With STR matching it works both ways, depending on your personal situation. For some folks, (those whose STR results are close to the modal value of an old haplogroup, like the WAMH), the matches can be very distant. However, for folks like myself (who happen to be off the beaten path, and also have a family which is currently demonstrating a higher than average mutation rate) some of my known family connections are not showing up as STR matches.

For the genetic overlap in pretty old haplogroups (2,500 to 5,000 years old), this has been called convergence. Convergence under R1b happens when testers are close the WAMH signature. This only affects around five percent of testers but is very real for those five percent.

A much bigger issue happens in the more recent time frame between present and 2,500 years. This form of overlap is much more prevalent and is due the fact that the distribution of genetic distance in the last 1,500 has a bell curve distribution and usually has a skew to the left and a fat tail on the left. This results in many people 20 to 30 % have low genetic distance from signature signature predictable YSNPs in the 1,500 to 2,500 year range having only two to four genetic distance. When this happens, false positives at 67 markers can go up to 80 to 90 % on regular basis. This issue is being exposed with very prolific haplgroups in this time frame that have extensive NGS testing and extensive SNP pack testing. However, with varying genetic distance filters, reducing the seven to four or five, the false positives become much more reasonable. I have been calling this a "lack of divergence" to have a different term for this time frame.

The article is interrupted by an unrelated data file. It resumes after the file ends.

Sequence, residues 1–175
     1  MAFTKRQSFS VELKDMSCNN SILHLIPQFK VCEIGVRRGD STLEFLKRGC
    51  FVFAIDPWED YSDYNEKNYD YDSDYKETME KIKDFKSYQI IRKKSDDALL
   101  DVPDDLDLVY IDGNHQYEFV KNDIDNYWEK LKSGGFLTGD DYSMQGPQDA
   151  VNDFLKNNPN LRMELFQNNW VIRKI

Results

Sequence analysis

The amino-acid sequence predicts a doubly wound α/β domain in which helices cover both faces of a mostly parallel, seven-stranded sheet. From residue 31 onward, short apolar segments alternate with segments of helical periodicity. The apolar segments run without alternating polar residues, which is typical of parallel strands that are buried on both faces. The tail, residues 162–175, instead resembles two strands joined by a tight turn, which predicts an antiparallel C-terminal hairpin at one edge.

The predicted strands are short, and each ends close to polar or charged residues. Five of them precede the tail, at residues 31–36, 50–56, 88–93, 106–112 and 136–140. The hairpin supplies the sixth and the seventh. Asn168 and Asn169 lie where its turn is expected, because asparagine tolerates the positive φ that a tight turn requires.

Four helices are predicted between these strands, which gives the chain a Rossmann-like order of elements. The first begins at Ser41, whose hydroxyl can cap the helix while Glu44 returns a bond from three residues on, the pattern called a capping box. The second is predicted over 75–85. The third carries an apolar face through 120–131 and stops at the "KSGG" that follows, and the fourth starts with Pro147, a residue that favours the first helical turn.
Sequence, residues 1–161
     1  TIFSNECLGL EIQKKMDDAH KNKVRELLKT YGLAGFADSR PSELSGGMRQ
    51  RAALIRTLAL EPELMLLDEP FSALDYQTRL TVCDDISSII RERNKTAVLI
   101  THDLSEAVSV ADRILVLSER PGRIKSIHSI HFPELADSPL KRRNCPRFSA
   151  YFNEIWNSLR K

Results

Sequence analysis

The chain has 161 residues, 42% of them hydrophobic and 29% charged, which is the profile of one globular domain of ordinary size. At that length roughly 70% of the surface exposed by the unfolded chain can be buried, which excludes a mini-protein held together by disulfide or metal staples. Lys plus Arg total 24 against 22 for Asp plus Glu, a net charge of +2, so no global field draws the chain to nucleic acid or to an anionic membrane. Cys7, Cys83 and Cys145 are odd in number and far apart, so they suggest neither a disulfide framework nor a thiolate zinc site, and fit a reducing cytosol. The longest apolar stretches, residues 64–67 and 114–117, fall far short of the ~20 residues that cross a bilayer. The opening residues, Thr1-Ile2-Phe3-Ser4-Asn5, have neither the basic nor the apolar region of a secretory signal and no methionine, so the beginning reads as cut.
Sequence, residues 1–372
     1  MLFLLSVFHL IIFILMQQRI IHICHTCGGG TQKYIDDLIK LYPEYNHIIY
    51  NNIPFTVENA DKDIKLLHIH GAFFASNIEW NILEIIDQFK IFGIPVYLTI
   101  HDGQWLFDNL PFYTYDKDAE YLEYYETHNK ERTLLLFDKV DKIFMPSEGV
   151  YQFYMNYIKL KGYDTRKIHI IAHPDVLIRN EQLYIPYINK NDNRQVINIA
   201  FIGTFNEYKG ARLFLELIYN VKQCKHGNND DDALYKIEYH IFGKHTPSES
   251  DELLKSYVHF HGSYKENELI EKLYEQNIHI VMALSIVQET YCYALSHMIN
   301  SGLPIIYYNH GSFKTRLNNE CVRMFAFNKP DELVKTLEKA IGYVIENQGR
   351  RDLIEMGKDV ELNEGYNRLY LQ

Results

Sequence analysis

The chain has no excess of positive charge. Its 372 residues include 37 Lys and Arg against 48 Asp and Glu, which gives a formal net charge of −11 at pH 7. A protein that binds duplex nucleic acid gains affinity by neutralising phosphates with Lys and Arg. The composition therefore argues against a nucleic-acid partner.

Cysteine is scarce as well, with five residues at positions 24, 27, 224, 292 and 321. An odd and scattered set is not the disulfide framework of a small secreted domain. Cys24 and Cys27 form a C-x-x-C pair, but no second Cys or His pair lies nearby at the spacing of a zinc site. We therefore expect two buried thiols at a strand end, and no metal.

RobertCasey

10-29-2017, 06:42 PM

Dave V -

I thought initially that mutation rates, rarity of marker values and commonality of surnames would play a larger role. However, I am finding that these parameters are only needed for tie breakers for very small two marker signatures. Even overlap of two marker signatures is not that common in a 600 testers chart. Obviously, two marker signatures associated with faster mutating markers are also the ones that have multiple occurrences. I still exclude CDY markers from charting as my calculations show that CDY mutations is almost as much of all of the other 65 markers combined. With that kind of volatility, I do not use CDY markers in charting.